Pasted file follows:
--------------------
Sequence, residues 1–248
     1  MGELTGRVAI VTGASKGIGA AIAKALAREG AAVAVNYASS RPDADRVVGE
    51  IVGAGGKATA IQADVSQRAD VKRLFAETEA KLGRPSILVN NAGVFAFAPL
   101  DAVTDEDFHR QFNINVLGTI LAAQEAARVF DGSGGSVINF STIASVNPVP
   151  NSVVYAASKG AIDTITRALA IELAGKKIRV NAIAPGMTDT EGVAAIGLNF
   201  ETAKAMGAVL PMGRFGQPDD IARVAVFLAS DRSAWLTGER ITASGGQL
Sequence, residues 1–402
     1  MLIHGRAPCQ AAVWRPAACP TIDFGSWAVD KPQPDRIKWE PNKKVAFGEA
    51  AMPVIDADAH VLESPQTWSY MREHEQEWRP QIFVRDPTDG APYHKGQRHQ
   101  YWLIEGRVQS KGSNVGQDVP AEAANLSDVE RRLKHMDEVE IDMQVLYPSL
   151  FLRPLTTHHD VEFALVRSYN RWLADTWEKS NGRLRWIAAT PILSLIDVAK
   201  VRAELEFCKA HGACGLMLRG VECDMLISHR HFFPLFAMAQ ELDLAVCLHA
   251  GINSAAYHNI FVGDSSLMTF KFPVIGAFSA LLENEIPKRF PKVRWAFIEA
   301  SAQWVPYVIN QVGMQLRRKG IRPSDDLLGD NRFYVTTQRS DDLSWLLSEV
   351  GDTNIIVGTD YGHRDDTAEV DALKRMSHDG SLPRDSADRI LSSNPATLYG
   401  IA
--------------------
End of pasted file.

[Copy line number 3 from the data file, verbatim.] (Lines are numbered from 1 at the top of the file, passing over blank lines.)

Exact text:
    51  IVGAGGKATA IQADVSQRAD VKRLFAETEA KLGRPSILVN NAGVFAFAPL